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I'm trying to convert some string that is in UTC time to a java Calendar object that should be set to GMT-5.

My current UTC string input is this:

UTC date : 20050329174411

I use this code (I detect the 'pattern' as shown below):

DateFormat dateFormat = new SimpleDateFormat(pattern);
Date date = dateFormat.parse(utcDate);
calendar = Calendar.getInstance(TimeZone.getTimeZone("GMT-5"));
calendar.setTime(date);

I then printed the time like this:

calendar.getTime()

And I got this result:

GMT date : Tue Mar 29 17:44:11 EST 2005

I need to support theses date/time string patterns:

FORMAT_UTC4 = "yyyy";           
FORMAT_UTC6 = "yyyyMM";         
FORMAT_UTC8 = "yyyyMMdd";       
FORMAT_UTC10 = "yyyyMMddHH";    
FORMAT_UTC12 = "yyyyMMddHHmm";  
FORMAT_UTC14 = "yyyyMMddHHmmss";

I would be expecting the time to be set to "12:44:11". I have read a couple of examples and I find date time handling pretty confusing. For me, it's always the same, I get some sort of string formatted UTC and I convert it to GMT-5. I really feel it should be easy!

Ref 1 : How can I get the current date and time in UTC or GMT in Java?

Ref 2 : How to handle calendar TimeZones using Java?

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1 Answer 1

up vote 2 down vote accepted

You must set the SimpleDateFormat's time zone to UTC before parsing the date. Else, it uses your default timezone.

And to display the date in the "GMT-5" timezone, you should use another DateFormat, with the timezone set to GMT-5, and format the date with this DateFormat. The toString() method of Date uses your default time zone to transform the date into something readable.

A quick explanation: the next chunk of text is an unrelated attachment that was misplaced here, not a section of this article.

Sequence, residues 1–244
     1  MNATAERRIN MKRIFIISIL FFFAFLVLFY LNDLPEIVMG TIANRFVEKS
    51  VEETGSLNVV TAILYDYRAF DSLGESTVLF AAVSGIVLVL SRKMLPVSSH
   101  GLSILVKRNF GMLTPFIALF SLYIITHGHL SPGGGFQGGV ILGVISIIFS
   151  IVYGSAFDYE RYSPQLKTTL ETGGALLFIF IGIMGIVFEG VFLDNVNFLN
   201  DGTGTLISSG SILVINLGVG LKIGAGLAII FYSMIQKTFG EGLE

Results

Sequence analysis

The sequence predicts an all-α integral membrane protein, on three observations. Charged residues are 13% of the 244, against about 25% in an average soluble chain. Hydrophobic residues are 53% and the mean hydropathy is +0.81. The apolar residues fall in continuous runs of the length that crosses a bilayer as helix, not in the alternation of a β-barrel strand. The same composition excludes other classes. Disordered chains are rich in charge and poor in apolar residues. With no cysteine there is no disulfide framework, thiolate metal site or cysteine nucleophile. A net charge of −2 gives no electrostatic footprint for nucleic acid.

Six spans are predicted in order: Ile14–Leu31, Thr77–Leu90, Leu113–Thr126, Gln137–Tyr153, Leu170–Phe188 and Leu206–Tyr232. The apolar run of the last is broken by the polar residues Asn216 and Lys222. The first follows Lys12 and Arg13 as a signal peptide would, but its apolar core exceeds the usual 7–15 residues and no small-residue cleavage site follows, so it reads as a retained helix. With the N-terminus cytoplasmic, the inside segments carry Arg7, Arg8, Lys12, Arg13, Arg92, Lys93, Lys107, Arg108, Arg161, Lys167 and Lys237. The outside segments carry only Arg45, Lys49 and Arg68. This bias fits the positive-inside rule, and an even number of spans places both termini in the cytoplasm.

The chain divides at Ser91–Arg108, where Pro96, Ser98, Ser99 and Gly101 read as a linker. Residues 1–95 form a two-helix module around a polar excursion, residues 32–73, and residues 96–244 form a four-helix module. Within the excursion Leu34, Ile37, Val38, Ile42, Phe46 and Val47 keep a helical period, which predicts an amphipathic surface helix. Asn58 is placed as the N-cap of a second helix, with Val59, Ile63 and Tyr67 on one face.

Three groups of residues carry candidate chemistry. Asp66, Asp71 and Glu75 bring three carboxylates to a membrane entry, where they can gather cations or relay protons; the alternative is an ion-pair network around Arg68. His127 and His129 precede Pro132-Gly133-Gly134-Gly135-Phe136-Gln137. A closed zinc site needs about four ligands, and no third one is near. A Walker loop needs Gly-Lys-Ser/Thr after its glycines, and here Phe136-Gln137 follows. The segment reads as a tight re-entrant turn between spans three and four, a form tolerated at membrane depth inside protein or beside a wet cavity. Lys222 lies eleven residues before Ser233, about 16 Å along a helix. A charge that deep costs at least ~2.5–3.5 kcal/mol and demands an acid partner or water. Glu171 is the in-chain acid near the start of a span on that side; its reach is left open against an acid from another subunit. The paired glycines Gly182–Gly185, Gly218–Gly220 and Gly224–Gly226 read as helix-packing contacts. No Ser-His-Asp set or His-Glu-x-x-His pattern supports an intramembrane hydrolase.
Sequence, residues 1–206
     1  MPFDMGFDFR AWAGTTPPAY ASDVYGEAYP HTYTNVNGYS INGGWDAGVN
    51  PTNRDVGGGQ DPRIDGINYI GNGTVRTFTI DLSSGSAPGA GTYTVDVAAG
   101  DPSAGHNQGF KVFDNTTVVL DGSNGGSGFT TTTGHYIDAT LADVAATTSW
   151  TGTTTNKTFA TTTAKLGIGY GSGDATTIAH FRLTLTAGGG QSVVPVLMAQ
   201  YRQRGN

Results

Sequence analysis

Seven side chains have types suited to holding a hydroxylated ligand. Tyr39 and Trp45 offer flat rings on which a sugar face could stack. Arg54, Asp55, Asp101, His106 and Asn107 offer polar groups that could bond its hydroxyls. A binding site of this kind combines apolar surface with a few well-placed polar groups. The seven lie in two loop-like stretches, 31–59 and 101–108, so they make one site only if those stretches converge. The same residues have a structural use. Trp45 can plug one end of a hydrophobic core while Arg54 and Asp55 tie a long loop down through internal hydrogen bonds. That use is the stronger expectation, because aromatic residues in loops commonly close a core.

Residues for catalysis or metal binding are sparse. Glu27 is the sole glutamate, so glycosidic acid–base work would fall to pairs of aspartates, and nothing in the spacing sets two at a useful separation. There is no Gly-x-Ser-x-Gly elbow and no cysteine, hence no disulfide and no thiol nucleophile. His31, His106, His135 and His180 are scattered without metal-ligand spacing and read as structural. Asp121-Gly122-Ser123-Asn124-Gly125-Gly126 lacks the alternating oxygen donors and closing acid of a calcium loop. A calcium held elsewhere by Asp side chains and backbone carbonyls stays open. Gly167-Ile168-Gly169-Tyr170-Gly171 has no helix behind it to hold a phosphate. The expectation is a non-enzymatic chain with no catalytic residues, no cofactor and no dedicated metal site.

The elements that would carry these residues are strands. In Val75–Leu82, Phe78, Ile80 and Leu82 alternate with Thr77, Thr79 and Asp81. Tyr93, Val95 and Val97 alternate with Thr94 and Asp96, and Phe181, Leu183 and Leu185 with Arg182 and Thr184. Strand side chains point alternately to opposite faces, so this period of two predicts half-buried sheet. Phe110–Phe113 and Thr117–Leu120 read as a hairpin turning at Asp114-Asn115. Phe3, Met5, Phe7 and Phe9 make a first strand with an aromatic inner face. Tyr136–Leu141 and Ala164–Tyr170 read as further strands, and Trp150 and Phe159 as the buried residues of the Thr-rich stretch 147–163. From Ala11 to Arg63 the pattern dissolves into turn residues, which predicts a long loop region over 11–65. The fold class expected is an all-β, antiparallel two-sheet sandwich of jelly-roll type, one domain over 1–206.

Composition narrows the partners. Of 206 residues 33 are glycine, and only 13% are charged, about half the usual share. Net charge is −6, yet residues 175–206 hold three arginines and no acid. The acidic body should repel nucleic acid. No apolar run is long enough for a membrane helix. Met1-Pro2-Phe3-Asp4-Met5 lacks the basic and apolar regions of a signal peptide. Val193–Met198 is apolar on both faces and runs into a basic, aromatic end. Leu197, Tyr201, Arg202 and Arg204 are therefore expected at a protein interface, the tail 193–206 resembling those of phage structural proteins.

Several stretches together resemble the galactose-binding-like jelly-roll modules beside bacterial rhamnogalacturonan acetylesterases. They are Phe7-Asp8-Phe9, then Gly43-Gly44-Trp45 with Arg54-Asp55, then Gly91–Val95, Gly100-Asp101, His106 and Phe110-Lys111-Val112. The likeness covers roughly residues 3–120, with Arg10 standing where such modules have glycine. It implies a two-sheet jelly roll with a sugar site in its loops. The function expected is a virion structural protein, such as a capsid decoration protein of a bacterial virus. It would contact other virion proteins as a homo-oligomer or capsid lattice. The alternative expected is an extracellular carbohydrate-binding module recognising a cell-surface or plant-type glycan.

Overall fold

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I had tried this dateFormat.setTimeZone(TimeZone.getTimeZone("GMT-5"));, it needs to be set to UTC instead? –  code-gijoe Dec 17 '12 at 22:19
    
The input date is in UTC. So it must be parsed using a date format in UTC. The output date is in GMT-5. So it must be formatted using a date format in GMT-5. You wouldn't use an French translator to read a German text, would you? And you wouldn't use a German translator to write a text in French either. –  JB Nizet Dec 17 '12 at 22:22
    
I thought that getting the date object from calendar (getTime) was giving me the date in GMT-5. –  code-gijoe Dec 17 '12 at 22:30
    
A Date doesn't have a timezone. It's a universal instant in time. You can choose to format it using a timezone, and its toString() method formats it using your default timezone, but it doesn't have any. –  JB Nizet Dec 17 '12 at 22:40

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